Our sensory organs compress fluid time into past, present, and future. We are fooled into believing the illusion of linearity. The reality is that we all return to Origin, at which point we are recycled with everything and are eventually forgotten. I once thought that death was the only avenue for this peace, but when I burned that card, I finally felt the affection and desire that I had overlooked. It was the raw emotion that I remembered for that brief period after Tahrir Square. Those moments when love was so strong that past, present, ad future collapsed again for a singular moment.
When “American” and “Pakistani” were exterminated as concepts and only the warmth of human embrace remained. When East and West ceased to exist. When life and death even seemed to collapse into one another. When all distinctions were meaningless in the face of the most powerful aspects of human emotion. From those moments, we do not only become each other, we become everything. And everything cannot hate itself. So, the pain has no choice but to end. It was over. And it was over because I decided it was over.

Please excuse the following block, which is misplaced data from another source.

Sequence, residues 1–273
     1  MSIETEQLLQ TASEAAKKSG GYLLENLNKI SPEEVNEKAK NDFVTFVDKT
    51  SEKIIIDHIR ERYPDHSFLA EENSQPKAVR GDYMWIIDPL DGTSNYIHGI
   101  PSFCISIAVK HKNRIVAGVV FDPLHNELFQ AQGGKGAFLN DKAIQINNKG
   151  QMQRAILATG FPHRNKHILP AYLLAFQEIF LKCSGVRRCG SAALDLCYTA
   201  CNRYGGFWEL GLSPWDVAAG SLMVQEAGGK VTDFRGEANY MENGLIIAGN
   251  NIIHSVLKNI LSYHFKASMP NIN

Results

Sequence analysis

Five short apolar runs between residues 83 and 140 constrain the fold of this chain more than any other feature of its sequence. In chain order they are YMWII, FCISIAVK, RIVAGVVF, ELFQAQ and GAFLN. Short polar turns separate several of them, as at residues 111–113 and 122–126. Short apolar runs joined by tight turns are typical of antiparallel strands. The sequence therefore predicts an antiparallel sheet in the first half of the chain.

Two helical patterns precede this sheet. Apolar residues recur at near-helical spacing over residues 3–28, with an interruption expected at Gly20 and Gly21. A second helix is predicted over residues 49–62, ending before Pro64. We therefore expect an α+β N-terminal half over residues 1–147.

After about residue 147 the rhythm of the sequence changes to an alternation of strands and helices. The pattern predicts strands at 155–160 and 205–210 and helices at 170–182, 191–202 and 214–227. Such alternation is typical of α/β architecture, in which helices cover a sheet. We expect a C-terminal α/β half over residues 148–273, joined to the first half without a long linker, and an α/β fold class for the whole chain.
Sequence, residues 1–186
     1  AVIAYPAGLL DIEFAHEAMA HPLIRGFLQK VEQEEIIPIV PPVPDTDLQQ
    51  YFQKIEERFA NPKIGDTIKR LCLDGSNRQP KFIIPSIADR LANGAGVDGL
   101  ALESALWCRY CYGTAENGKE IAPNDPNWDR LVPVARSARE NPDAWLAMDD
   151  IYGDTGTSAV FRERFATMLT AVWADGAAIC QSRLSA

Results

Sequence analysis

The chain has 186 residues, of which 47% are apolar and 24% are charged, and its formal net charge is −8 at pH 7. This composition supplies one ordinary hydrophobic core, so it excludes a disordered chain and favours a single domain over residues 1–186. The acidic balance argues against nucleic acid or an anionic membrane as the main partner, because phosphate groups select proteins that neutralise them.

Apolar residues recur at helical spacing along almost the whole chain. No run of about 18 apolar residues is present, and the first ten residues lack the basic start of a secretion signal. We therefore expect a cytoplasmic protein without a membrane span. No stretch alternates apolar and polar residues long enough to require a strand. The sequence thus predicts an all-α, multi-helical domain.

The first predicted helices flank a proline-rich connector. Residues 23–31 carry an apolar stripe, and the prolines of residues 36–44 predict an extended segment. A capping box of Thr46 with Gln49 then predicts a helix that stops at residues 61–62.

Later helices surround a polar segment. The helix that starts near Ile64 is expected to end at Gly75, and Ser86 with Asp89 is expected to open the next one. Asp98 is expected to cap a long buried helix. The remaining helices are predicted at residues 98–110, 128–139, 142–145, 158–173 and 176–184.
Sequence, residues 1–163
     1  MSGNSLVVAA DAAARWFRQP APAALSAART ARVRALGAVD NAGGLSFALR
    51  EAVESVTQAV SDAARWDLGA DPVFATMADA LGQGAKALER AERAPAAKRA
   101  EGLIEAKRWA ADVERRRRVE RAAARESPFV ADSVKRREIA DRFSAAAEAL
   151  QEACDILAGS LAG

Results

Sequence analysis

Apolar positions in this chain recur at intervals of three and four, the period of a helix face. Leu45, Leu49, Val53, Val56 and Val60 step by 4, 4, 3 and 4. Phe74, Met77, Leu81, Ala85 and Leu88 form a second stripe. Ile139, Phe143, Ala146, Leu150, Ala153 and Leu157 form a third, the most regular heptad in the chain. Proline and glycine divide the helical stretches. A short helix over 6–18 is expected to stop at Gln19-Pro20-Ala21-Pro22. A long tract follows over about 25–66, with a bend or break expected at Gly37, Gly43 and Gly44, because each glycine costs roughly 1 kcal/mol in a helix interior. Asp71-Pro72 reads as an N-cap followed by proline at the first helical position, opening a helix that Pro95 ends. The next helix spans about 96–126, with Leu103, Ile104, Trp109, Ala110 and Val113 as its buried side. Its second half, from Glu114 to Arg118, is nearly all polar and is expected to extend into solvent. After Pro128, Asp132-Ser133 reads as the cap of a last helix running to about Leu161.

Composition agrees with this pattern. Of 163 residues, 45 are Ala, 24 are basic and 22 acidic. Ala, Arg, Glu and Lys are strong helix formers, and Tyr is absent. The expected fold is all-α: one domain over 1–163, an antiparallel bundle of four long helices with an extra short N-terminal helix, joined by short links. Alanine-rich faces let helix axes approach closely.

When I talked to my professor after our final class together in my undergraduate career, he said that the FBI may try to obtain information from me. I asked him about combating accusations that you are an FBI agent, something that I experienced despite my own intimidation being public knowledge. He responded that it is perfectly understandable given that the FBI sometimes recruits suspicious minorities to obtain information.
It suddenly hit me. The earlier questions from the ABP encounter were not distractions. They were attempting to gauge if I could be employed by them. “Will they be back then?” I asked him.
“I don’t know, Bilal. But you have to assume that if you do what you want to do, people are going to think that you’ve been radicalized.”